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What should you tell your kids about Ebola?

You do your best to protect your kids and sometimes that may mean sheltering them from exposure to worrisome conditions in the world, however at a certain age you get to a point when you can no longer hide the woes of the world. They hear about things at school, they may be talking about current events in class, they see it on television or on the internet, doesn’t matter how they hear, the point is that they do. Each child is different just like each adult and if you try and keep this in the back of your head it can give you some perspective on what to tell your children.

Currently there is a lot of talk in the news about the Ebola Virus and for many people it is a news story that has to be covered but doesn’t really cause them any stress or concern. For other folks, who may worry more about those types of things this can be a constant distress for them. Children are no different – they are adults in the making after all. Children who worry about germs will grow up to be adults who worry about germs.

So what do you do if your child is freaked out about germs and Ebola? Definitely be honest. They are hearing stuff from other sources so if you are lying or fluffing their concerns off that is not going to help them wrap their heads around how they can handle this situation. Tell them that the threat of Ebola getting to the general public (you) is extremely low, probably lower than getting hit by lightening. Just because one hospital in Texas botched up protocol does not mean we are at risk and in fact because those things happened everyone else is tightening their belts to make sure it doesn’t happen anywhere else. Depending on the age of the child would certainly depend on how long the conversation is. An older child or teen will have a lot more questions and concerns, whereas a young child may just be worried that you are going to get sick and die. You will need to use your judgement on how to move forward accordingly.

My second piece of advice is geared to anxiety relief. If your child is dealing with a lot of anxiety or is absolutely fixated on this (or anything else) you should really start teaching them how to deal with anxiety. Adults have anxiety, we meditate, we exercise, we talk to someone. There are many ways to help alleviate anxiety. You just need to find what works best for your child. My favorite meditation/relaxation technique with my kids when they were younger was to imagine they were building something (a park, a castle, a house) out of candy. What would they use to build all the different elements with? How big is it? What does it look like? It should be something to think about that would engage the child’s mind completely. You will likely have to help them for a while to demonstrate this technique, suggest candy building materials or other structures that need their attention. If they are fully focused on candy land, before long they have gotten a nice retreat from the big scary world and have calmed down enough to go to bed for the night or function normally. You need to gear this to the child’s age, so if you are dealing with an older child candy land might be too childish. Pick something that interests your child, lego, fashion, amusement parks, etc. If this isn’t your child’s cup of tea, than try something else, what works for you?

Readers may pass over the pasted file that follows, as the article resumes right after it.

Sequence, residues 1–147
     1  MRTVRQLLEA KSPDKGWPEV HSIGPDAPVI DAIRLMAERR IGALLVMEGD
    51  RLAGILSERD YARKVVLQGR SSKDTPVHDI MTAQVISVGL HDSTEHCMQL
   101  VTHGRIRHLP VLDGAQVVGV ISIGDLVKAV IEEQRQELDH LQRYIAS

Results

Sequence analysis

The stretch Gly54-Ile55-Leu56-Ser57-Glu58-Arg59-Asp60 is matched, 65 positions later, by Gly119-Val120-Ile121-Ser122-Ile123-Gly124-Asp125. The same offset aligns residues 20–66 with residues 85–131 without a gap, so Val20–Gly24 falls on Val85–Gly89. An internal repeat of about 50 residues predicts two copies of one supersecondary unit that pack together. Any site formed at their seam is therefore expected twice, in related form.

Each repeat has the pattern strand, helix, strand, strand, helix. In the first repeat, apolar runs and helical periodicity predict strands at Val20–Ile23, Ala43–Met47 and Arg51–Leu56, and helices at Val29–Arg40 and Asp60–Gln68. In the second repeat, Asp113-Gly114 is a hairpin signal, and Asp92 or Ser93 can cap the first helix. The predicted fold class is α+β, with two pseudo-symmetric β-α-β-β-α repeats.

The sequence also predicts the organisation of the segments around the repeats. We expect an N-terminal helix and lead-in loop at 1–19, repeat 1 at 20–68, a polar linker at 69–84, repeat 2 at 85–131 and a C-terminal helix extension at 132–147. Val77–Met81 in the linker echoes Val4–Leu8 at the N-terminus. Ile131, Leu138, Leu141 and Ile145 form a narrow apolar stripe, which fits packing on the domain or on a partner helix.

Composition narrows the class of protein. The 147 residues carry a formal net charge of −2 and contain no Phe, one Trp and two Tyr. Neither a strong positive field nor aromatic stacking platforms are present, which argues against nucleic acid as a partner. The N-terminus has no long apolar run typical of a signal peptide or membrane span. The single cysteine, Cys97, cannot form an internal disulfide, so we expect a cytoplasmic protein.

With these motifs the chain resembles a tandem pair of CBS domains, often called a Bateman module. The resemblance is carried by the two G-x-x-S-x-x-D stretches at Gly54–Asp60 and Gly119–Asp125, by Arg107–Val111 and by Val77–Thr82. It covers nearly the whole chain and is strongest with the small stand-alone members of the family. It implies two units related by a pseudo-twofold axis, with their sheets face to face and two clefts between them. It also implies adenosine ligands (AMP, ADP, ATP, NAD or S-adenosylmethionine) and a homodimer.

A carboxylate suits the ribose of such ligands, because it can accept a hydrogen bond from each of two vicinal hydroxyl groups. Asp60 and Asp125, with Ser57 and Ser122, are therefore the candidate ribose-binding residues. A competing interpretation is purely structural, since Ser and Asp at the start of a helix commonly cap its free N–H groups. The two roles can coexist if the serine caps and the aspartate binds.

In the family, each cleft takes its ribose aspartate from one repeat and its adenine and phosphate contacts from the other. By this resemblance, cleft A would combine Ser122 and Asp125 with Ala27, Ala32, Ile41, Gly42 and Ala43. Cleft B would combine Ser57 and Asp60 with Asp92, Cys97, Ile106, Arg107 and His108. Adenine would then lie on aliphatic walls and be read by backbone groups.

Candy land may seem like something very silly and childish but really what you are teaching them is a lifelong skill of how to cope with anxiety and stress. None of us get through life without anxiety and stress so if you can help your child to be a master at candy land building you have just given them one incredibly amazing asset that they will use for the rest of their life!

dr

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